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Francesco Mannocci

September 2002

Three-year clinical comparison of survival of endodontically treated teeth restored with either full cast coverage or with direct composite restoration

Statement of problem

Little information exists regarding the outcome of crown build-ups on endodontically treated teeth restored with metal-ceramic crowns or with only a direct-placed composite.

Purpose

The aim of this study was to evaluate the clinical success rate of endodontically treated premolars restored with fiber posts and direct composite restorations and compare that treatment with a similar treatment of full-coverage with metal-ceramic crowns.

Methods

Subjects included in this study had one maxillary or mandibular premolar for which endodontic treatment and crown build up was indicated and met specific inclusion/exclusion criteria. Only premolars with Class II carious lesions and preserved cusp structure were included. Subjects were randomly assigned to 1 of the following 2 experimental groups: (1) teeth endodontically treated and restored with adhesive techniques and composite or (2) teeth endodontically treated, restored with adhesive techniques and composite, and then restored with full-coverage metal-ceramic crowns. Sixty teeth were included in the first group and 57 in the second. All restorations were performed by one operator. Causes of failure were categorized as root fracture, post fracture, post decementation, clinical and/or radiographic evidence of marginal gap between tooth and restoration, and clinical and/or radiographic evidence of secondary caries contiguous with restoration margins. Subjects were examined for the listed clinical and radiographic causes of failure by 2 calibrated examiners at intervals of 1, 2, and 3 years. Exact 95% confidence intervals for the difference between the 2 experimental groups were calculated.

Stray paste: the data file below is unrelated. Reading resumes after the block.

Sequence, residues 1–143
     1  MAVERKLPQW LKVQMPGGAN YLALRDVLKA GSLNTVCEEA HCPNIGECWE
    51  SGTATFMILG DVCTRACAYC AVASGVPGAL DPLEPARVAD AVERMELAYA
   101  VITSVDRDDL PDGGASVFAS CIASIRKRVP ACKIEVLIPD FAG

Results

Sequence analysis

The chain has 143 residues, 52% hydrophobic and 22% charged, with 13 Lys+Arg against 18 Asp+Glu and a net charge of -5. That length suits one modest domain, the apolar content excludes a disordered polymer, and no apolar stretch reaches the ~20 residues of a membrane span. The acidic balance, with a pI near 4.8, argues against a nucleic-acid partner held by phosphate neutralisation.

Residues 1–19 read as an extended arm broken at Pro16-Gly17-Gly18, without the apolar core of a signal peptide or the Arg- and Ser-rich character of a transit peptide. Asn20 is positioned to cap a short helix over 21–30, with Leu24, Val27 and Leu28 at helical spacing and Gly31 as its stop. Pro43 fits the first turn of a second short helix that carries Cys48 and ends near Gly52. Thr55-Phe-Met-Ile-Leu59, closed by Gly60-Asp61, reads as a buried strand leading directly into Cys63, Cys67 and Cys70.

Results

At the 1-year recall, no failures were reported. The only failure modes observed at 2 and 3 years were decementations of posts and clinical and/or radiographic evidence of marginal gap between tooth and restoration. There was no difference in the failure frequencies of the 2 groups (95% confidence interval, -17.5 to 12.6). There was no difference between the number of failures caused by post decementations and the presence of marginal gaps observed in the 2 groups (95% confidence intervals, -9.7 to 16.2 and -17.8 to 9.27).

Conclusion

Within the limitations of this study, the results upheld the research hypothesis that the clinical success rates of endodontically treated premolars restored with fiber posts and direct composite restorations after 3 years of service were equivalent to a similar treatment of full coverage with metal-ceramic crowns.